Disfluency – the key to insight
Do you ever get the feeling that you’re surrounded by well presented data these days but actually not making any better decisions, or taking any better actions, because of it? Well you wouldn’t be alone. It turns out that often the easier data is to read – well designed graphs and tables – the less you’ll end up doing with it. Instead, it turns out that the secret to gaining insights from data is to actually play with it – get dirty with it in all sorts of seemingly inefficient ways – for you to actually understand it enough to take any real decisions from it.
Have a listen to this great 538 podcast “What’s the point?” – which is a podcast all about data. In this episode they interview Charles Duhigg, the author of Smarter, Faster, Better. You can listen on the link below (it should work straight on your browser or mobile phone if you simply click it – and don’t be put off by the 30 second promo at the start for another program):
It turns out that people only understand data sufficiently if they’ve had to work at it. In Duhigg’s terms, people understand data better if you introduce “disfluency” – if you actually make it harder to interact with.
Duhigg gives a great example – kind of relevant this week as the NAPLAN results start coming out – of teachers in the Cincinnati elementary school system. For ten years these teachers had been given all sorts of data on their students in well presented graphs and tables. This data told them a lot about individual student needs as well as overall trends. Great data to use if you want to lift results. But the results didn’t lift. Nothing shifted – despite all the data.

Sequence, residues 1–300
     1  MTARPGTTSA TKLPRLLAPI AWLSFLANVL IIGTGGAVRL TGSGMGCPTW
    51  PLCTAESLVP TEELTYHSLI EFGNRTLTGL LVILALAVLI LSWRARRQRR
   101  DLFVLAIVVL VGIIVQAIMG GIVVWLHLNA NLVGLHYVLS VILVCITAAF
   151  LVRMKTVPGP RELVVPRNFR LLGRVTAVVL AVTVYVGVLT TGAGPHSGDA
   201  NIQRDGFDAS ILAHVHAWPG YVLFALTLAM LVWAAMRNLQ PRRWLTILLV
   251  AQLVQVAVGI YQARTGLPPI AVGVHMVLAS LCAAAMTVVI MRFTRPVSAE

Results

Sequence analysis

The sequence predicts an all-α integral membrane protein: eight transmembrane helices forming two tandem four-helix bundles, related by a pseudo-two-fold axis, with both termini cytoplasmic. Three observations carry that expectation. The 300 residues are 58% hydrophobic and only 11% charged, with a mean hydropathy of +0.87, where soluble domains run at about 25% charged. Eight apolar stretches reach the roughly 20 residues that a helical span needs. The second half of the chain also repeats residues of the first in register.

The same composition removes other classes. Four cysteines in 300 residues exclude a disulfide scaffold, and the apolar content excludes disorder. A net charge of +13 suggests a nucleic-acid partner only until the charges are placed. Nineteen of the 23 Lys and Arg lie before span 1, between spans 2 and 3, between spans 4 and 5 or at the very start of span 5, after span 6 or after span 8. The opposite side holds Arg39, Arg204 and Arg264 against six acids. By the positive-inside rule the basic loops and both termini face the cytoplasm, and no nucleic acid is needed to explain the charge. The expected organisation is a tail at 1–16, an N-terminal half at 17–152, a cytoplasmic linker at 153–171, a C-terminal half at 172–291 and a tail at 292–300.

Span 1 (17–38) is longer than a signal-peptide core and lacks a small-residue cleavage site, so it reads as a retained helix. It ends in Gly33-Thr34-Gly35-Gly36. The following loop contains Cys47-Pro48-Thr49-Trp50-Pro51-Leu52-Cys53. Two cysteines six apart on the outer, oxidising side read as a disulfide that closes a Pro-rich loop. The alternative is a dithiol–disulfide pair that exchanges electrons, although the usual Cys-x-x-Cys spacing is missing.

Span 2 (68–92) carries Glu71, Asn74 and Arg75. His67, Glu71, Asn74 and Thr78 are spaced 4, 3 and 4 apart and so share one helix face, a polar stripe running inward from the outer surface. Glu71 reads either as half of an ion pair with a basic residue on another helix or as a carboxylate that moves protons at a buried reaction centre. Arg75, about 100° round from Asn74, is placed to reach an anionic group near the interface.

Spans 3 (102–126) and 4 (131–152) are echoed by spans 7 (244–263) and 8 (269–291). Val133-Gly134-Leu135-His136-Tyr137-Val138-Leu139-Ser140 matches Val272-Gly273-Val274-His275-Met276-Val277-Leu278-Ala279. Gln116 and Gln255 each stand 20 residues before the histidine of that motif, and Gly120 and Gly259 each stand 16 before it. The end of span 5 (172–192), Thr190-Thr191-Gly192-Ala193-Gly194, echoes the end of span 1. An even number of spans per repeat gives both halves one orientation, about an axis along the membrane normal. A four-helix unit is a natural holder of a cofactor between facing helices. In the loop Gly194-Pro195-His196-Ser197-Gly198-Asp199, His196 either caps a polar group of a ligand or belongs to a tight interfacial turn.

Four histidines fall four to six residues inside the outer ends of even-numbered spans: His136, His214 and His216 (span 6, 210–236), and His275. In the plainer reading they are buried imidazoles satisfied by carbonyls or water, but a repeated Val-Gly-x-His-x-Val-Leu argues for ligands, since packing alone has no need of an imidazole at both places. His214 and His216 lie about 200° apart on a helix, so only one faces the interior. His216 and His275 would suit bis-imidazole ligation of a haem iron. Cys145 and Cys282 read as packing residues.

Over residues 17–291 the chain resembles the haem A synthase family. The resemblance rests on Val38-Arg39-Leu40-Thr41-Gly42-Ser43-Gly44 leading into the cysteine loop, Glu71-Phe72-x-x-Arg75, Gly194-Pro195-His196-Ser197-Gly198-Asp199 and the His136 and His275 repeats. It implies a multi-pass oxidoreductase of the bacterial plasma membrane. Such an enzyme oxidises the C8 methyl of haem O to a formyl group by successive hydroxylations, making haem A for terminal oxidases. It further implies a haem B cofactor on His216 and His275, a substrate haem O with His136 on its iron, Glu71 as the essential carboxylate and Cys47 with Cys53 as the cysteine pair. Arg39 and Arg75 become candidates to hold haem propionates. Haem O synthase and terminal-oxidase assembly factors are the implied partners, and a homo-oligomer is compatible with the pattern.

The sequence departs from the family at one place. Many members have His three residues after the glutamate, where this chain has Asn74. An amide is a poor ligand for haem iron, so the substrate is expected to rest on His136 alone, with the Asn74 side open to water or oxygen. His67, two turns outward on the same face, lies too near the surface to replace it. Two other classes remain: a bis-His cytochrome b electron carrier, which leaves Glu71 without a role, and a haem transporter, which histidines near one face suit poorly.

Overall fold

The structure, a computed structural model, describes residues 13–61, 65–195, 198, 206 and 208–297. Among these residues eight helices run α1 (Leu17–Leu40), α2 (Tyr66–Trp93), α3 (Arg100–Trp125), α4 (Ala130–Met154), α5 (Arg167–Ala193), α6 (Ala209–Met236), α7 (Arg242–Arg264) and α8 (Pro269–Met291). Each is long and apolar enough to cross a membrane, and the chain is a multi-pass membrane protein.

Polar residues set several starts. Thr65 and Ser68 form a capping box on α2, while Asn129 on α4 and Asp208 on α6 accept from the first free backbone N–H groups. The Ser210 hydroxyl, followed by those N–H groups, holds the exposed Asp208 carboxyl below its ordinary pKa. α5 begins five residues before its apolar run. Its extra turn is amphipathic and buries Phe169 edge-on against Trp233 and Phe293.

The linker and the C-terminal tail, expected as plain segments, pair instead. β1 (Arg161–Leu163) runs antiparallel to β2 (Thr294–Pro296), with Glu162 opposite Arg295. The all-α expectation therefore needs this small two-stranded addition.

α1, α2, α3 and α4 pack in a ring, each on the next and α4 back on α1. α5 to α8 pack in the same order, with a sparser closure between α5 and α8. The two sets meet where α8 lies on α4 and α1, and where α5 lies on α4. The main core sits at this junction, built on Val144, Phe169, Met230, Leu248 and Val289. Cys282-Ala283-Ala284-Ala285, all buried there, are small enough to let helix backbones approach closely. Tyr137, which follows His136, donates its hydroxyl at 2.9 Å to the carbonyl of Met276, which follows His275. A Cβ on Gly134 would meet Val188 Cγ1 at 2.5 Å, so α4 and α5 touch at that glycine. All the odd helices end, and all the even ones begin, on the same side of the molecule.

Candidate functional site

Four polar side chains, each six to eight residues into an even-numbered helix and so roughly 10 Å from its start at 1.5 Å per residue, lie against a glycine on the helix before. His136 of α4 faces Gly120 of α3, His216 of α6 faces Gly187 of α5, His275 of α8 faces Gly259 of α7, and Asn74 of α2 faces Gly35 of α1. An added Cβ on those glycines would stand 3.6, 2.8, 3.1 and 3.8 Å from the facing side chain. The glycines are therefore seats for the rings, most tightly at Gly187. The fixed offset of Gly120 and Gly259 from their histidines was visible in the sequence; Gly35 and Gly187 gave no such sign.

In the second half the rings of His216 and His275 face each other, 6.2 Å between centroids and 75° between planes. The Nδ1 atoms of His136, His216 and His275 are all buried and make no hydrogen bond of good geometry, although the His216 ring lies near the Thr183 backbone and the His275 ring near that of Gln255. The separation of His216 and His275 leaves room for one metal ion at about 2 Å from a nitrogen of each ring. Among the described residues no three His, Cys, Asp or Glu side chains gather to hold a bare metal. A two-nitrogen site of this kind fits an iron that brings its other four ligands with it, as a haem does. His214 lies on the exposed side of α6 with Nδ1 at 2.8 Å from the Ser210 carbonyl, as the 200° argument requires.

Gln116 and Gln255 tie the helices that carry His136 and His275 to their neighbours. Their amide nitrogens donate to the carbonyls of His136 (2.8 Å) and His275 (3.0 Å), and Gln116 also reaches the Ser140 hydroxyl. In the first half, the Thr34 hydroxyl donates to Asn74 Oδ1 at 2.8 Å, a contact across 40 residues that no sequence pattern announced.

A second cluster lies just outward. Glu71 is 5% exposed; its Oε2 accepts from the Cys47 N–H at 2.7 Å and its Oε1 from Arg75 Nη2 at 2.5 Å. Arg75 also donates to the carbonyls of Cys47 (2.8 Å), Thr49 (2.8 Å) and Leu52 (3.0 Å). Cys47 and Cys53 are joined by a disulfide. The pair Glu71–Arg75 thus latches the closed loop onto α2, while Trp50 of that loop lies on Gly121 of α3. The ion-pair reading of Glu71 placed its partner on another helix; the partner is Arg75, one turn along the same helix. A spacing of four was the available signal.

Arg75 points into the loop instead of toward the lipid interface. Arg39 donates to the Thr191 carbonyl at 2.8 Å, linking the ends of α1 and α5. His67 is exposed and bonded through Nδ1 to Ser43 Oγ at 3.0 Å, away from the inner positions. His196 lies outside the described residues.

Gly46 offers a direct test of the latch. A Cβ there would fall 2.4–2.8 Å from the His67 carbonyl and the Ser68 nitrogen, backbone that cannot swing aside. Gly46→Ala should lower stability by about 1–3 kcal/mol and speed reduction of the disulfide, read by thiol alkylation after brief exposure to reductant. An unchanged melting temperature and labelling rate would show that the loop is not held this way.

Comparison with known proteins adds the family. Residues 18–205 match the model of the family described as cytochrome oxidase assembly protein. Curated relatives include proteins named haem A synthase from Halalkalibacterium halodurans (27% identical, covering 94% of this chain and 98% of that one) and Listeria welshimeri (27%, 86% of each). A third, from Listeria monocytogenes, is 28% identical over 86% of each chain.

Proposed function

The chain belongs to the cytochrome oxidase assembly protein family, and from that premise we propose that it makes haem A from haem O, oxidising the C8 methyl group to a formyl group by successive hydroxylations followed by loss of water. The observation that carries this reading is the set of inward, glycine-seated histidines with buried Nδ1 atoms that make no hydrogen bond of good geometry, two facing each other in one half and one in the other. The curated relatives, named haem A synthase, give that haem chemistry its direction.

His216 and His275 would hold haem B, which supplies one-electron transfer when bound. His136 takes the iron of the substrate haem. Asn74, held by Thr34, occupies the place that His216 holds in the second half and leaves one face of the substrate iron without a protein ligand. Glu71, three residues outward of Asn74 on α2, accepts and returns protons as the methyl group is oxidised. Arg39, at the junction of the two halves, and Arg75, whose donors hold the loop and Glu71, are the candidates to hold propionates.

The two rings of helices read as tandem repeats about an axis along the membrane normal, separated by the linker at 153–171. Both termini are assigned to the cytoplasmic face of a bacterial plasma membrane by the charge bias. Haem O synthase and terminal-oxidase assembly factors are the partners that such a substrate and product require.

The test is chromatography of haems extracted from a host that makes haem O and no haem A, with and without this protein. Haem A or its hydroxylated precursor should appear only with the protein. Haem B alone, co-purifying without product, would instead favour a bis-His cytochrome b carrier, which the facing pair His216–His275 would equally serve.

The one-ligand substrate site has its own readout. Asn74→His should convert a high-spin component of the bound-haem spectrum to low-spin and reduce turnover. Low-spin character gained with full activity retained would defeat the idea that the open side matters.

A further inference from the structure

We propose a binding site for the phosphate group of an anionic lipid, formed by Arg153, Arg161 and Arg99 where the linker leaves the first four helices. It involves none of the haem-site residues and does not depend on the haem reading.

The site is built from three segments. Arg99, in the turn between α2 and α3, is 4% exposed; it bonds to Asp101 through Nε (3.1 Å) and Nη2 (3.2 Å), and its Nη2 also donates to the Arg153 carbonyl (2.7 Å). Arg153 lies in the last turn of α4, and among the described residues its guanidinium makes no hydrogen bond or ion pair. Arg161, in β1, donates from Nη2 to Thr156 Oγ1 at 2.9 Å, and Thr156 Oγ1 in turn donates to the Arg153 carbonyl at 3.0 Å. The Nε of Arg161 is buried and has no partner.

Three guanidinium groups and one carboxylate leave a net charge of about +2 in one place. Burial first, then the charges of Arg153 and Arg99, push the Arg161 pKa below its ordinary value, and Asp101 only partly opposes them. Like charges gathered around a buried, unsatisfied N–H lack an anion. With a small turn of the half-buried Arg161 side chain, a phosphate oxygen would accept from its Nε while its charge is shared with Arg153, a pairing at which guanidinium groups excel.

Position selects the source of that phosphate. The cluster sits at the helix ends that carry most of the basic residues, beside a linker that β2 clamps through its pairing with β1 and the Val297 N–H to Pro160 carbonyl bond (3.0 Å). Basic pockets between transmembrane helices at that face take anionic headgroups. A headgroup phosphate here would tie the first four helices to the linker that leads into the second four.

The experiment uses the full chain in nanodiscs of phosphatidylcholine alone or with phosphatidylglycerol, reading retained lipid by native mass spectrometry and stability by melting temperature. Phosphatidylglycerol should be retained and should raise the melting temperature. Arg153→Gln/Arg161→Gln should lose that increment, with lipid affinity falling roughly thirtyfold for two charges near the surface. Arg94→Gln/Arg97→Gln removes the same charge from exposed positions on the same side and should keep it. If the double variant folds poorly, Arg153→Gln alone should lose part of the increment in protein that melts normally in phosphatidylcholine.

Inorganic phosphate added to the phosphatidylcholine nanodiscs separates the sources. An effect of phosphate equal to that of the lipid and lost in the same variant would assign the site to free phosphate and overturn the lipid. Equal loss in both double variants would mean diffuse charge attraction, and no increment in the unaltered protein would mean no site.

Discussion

Then the state launched the “Elementary Initiative”. Teachers were required to create a “data room” in their school. They had to write out by hand on index cards the student information, and put it up on the walls (I hope they locked the door to this room!). In short, they had to rework the data: in a seemingly completely inefficient way. To the outsider this was a complete waste of time. The data was already presented to them in pre-prepared reports. They were adding no new information. And yet – the results for the students started to lift. Why? Because forcing the teachers to have to interact with the data – introducing disfluency – meant that they remembered it – meant that they had to make sense of it – meant that they were thinking about the student whose marks they were writing down. And all that interaction and thought then affected the way they taught and what they did in the classroom.
Apparently you get similar results with those scales that send your weight to your phone and graph it for you. All that beautifully presented data turns out to have no effect on losing weight. What’s better? Introduce disfluency. Every Sunday, graph by hand that beautiful data on your phone – create a less beautiful graph yourself. And what happens? As you do this you start to think. “What did I do Monday that meant my weight goes up on Wednesday? What can I learn from this?” And you get the feedback in a visceral way – because you’re playing with the data – and it starts to give you knowledge and insight.
It makes me wonder about all those board reports I see. Beautifully presented data that the board members simply need to read – all completely fluent. What insights is the board missing because they don’t have to work at the data themselves?
I’d love to hear from you as to your experiences of fluency and disfluency in data. Is Duhigg on to something?
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